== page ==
While we failed to block the passage of the legislation, some concessions were achieved – including a ‘fix’ to protect journalists through a special Journalist Information Warrant and a review of the regime after three years. This is the review year.
Joint CCLs current position
We maintain our strong opposition to the legislation as disproportionate and incompatible with a healthy democracy. In our new submission we have again argued it should be repealed or significantly amended.
We are hopeful that some improvements to the legislation will result from this review, especially much needed safeguards - such as warrant approval for access to the retained telecommunications data. It is not likely that the PJCIS will recommend, or the Government approve repeal of the legislation.
The CCLs argue that the mandatory data retention regime is but one element of many excessive provisions in Australia’s uniquely large body of national security and counter-terrorism legislation. It is crucial for there to be a review of the cumulative chilling and intimidatory impact of the Government's expanded surveillance powers and secrecy offences relating to Government activity.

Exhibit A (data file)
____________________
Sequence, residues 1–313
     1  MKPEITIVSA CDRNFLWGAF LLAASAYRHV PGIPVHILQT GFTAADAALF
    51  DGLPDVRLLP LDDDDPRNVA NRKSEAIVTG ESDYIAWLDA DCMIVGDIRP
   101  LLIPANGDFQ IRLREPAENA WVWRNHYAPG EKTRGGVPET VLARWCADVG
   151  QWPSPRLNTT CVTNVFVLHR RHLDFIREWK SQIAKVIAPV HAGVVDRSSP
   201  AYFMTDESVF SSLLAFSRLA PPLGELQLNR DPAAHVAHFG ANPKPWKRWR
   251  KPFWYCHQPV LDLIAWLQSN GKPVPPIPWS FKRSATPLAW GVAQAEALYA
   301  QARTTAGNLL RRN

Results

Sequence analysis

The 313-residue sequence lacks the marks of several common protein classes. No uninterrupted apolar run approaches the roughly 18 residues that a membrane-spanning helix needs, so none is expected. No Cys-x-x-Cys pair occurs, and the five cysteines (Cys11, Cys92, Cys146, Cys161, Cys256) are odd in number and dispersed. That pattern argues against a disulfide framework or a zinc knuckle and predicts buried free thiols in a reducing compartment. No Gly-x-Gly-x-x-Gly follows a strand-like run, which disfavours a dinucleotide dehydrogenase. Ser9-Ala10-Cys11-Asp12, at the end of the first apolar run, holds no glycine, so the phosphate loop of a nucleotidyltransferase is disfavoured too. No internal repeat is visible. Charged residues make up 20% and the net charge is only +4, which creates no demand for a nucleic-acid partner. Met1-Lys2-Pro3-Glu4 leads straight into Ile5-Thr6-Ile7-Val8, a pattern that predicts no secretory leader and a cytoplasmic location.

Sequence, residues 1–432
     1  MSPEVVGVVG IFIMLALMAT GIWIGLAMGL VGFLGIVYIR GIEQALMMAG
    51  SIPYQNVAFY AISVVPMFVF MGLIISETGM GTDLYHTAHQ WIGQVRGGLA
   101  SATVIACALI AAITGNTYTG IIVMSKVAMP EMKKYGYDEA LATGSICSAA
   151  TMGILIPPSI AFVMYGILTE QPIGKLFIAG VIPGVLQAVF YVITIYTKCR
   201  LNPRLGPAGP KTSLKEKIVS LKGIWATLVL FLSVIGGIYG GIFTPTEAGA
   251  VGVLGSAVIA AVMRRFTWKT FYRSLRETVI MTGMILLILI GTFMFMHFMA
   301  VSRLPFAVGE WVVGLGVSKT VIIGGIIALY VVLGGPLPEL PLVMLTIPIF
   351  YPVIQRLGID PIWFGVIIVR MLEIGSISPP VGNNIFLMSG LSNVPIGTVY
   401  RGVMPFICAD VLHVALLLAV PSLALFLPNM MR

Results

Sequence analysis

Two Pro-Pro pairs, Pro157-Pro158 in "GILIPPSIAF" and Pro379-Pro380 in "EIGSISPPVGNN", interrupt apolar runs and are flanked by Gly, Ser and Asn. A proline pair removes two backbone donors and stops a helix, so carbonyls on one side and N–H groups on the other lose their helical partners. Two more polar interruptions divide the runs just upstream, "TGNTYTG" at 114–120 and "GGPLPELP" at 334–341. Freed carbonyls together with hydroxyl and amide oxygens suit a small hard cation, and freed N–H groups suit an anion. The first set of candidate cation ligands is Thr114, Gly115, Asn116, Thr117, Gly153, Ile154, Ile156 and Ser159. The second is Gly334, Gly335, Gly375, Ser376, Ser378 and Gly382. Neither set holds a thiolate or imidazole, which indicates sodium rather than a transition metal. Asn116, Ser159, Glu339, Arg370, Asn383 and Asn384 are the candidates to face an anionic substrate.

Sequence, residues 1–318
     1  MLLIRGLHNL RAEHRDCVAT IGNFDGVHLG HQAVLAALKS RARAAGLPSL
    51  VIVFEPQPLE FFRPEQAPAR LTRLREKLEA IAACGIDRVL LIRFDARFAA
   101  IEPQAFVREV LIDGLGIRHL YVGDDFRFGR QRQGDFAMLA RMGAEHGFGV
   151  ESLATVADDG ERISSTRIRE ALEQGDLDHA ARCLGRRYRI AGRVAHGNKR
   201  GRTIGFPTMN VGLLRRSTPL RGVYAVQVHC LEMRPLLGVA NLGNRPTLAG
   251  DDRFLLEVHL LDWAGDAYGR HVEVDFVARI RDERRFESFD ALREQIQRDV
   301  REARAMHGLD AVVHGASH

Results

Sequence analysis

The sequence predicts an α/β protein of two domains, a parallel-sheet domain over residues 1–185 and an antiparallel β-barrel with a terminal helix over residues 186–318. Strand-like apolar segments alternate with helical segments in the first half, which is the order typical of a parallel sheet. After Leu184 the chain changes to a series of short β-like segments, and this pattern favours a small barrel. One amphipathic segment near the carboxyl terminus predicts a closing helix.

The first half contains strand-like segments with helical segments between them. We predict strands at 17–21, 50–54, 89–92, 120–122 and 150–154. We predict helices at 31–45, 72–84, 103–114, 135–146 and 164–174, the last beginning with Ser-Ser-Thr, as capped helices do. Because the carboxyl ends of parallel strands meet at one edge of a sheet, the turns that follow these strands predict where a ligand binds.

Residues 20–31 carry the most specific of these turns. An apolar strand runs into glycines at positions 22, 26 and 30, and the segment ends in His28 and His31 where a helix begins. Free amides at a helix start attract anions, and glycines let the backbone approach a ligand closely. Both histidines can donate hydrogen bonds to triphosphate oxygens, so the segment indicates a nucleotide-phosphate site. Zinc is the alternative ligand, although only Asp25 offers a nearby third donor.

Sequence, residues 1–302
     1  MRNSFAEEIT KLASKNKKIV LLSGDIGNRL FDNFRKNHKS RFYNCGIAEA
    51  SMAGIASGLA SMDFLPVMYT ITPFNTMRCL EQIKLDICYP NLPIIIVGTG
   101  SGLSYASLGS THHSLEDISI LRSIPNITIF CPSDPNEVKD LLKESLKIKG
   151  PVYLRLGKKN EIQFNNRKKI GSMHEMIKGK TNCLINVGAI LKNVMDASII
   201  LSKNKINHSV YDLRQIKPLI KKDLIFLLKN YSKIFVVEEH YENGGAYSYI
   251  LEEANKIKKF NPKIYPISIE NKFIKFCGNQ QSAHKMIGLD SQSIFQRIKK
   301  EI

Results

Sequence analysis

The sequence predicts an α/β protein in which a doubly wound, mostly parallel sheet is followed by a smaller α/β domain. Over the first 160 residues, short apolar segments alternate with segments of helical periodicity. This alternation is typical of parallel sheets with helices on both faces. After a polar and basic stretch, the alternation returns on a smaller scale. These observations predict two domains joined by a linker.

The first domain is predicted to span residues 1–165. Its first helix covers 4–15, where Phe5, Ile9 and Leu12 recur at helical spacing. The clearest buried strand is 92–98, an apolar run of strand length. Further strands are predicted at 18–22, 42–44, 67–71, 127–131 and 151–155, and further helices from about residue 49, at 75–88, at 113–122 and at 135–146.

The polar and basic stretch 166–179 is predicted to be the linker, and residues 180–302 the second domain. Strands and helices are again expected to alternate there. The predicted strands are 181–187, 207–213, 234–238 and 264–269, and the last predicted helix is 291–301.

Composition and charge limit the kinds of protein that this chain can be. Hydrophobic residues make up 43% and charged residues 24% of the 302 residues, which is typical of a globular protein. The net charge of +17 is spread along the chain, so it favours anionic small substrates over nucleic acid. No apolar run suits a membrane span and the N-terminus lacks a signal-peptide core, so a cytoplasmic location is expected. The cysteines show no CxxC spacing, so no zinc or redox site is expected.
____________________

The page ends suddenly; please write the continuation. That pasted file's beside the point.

In reaction to public and media outrage the Government has now established a separate inquiry into the ‘impact of the exercise of law enforcement and intelligence powers on the freedom of the press’ to be conducted by the PJCIS.
We will be making a submission to this review – and arguing that that the PJCIS is not the appropriate Committee to conduct this inquiry as it has supported all the surveillance and secrecy legislation causing the problem.
The Productivity Commission is currently conducting an inquiry into mental health. The NSW Council for Civil Liberties (CCL) submission to this inquiry is now online.
Our submission focuses on two issues. First, it addresses features of the justice system, and Aboriginal people with disabilities. It then turns to considering the social security systems, and how these contribute to mental health issues in Australia.Read more